A Dixons data breach has led to the company being fined £500,000 by the ICO. At least 14 million people were affected after malware was installed on computer systems, allowing hackers to steal customers’ personal data.
The malware was installed on “point of sale” tills at stores for Currys, PC World, and Dixons travel. In addition to names, email addresses, and postcodes, the hackers also gained access to 5.6 million card details.
Steve Eckersley, the ICO’s director of investigations, said the ICO had found “systemic failures” in the way Dixons Carphone looked after its customer data. “Such careless loss of data is likely to have caused distress to many people since the data breach left them exposed to increased risk of fraud,” he said.
This demonstrates the importance of cybersecurity in today’s digital age. Dixons has made basic errors in its approach – despite the area of business it is in – and is now paying the price.
However, the fine could have been much greater. This Dixons data breach took place between July 2017 and April 2018, just before GDPR came into force. As a result, Dixons has been fined the maximum amount for a breach of the Data Protection Act 1998 instead, for which the penalties are much less severe.
For comparison, British Airways was fined £183 million for a data breach last year. Dixons has been fortunate in this case – although the same cannot be said for their customers. The Guardian goes on:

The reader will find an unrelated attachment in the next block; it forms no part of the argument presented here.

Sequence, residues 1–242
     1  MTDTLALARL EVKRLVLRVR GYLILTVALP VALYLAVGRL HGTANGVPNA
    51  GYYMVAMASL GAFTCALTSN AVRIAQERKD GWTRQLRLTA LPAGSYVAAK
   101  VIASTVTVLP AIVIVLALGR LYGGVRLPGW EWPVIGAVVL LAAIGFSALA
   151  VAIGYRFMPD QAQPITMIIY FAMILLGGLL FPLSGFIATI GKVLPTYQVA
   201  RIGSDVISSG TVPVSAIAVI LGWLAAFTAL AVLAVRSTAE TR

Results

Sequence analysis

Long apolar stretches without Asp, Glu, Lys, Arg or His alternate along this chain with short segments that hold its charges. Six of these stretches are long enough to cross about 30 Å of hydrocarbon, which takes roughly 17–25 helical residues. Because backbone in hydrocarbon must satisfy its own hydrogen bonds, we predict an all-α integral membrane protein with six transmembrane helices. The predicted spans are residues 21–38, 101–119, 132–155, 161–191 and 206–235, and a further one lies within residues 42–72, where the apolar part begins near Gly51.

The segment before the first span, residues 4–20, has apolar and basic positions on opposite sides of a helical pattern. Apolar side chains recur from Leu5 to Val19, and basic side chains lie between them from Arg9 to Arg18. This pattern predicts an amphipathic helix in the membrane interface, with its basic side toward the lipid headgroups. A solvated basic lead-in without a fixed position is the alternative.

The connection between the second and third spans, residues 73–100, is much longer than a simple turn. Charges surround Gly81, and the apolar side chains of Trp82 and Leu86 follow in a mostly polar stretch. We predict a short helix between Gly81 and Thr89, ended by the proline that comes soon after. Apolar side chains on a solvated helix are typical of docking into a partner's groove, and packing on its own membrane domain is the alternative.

Eckersley said: “The contraventions in this case were so serious that we imposed the maximum penalty under the previous legislation, but the fine would inevitably have been much higher under the GDPR.”
Alex Baldock, the group chief executive of Dixons Carphone, said the company disputed some of the ICO’s findings and was considering its grounds for appeal. The company had, he said, made significant investment in its information security systems and processes. There was “no confirmed evidence of any customers suffering fraud or financial loss as a result”, he added.
“We are very sorry for any inconvenience this historic incident caused to our customers,” said Baldock. “When we found the unauthorised access to data, we promptly launched an investigation, added extra security measures and contained the incident. We duly notified regulators and the police and communicated with all our customers.”
Dixons has, at least, responded to the data breach in the proper way by notifying the ICO and doing what they could to limit the damage. Their cybersecurity failings, however, were considerable, and will hopefully be learned from.
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